Ikea's Russian Mag Yanks Lesbian Feature

This December, 25 countries will get to read a feature on lesbian couple Kirsty and Clara's family in Ikea Family Live Magazine. Russia is not one of those countries. The feature tells the story of My Two Mums bloggers Kirsty, Clara, and their baby, and how their family became closer as they redecorated their small living space. Ikea chose not to include the family in the Russian edition of its magazine to avoid breaking the country's “homosexual propaganda ban."

“We have based the decision on discussions with our own Russian legal team and also taken advice from external Russian legal expertise,” Ikea spokeswoman Ylva Magnusson told BuzzFeed.

Ikea insists that the omission of Kirsty and Clara in its Russian magazine is at its core a legal decision. “We have two guiding principles in the communication we distribute from Ikea," explained Magnusson to Swedish newspaper Aftonbladet. "The first is home interior design. The second is following the law."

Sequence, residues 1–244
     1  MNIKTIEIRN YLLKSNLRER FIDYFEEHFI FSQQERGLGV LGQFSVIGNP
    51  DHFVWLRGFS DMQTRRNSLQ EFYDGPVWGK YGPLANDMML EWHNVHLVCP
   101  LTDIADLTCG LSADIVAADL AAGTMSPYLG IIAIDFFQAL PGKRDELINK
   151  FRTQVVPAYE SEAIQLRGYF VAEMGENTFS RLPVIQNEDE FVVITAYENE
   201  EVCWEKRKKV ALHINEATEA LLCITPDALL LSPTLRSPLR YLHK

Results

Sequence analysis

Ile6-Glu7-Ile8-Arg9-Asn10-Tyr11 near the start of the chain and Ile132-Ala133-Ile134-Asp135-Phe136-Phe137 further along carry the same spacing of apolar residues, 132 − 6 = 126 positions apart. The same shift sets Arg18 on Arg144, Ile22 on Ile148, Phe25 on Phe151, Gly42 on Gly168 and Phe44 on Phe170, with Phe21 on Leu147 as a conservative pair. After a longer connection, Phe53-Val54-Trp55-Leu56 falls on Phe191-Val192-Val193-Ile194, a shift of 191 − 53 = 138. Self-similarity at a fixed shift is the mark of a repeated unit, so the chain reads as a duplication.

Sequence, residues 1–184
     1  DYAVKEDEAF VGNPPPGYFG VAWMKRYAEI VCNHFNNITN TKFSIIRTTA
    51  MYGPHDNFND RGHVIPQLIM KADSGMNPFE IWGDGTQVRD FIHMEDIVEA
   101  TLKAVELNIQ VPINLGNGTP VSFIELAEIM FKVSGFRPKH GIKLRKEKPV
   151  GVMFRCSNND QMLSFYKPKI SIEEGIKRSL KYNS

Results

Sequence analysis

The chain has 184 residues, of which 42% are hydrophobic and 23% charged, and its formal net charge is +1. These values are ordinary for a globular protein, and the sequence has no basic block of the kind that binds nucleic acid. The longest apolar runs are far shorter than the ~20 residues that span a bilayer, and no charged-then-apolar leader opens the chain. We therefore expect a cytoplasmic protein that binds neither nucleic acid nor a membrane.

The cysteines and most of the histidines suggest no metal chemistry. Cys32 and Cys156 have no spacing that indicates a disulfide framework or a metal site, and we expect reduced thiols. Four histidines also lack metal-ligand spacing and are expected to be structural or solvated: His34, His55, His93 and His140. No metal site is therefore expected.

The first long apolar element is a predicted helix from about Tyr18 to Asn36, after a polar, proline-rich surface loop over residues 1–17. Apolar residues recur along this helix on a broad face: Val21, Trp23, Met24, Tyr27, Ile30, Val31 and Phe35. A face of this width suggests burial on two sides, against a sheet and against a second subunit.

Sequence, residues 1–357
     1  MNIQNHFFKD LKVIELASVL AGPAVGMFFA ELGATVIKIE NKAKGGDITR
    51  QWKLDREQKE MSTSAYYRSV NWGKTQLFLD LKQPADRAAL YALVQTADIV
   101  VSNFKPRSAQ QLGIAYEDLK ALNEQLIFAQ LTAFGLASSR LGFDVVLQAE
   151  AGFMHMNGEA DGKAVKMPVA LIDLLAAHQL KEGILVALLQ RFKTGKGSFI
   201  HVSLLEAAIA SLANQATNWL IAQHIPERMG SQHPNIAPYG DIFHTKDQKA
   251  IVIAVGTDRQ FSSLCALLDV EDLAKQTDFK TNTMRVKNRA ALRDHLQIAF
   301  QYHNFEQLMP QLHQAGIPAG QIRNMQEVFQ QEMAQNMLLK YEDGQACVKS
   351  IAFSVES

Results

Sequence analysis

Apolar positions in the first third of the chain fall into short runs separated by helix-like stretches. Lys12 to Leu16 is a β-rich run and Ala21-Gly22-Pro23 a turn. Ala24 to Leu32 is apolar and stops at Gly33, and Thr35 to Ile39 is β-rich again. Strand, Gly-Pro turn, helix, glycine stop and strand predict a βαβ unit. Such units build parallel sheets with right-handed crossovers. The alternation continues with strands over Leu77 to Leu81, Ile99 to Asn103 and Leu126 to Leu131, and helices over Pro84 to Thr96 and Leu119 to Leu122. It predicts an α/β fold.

Russia passed the law Ikea is referring to in June. The law prohibits the “promotion of non-traditional sexual relationships to minors,” and is commonly referred to as the "homosexual propaganda ban."

Ikea is usually at the forefront of things when it comes to promoting gay rights. In 1994, the furniture giant made history with the first major TV ad portraying a gay couple:

The 1994 ad was only pulled following a bomb threat against a store in Hicksville, New York.

Now, Ikea is facing a boycott for the decision to comply with the homophobic Russian law. Gay activists in Sweden are accusing the company of cowardice. Ulrika Westerlund, chair of the Swedish Federation for lesbian, Gay, Bisexual and Transgender Rights said:

I find it disappointing that Ikea has simply laid down flat. No one is really sure what "propaganda" is and if Ikea had left the article in, that could have served as a test case.

Ikea doesn't want to lose Russian business, especially since the country is its fifth best-selling country, representing six per cent of overall sales. But pulling the feature might turn out to mean even worse news for the furniture giant's business.

Image: Håkan Dahlström/Flickr, Ikea Family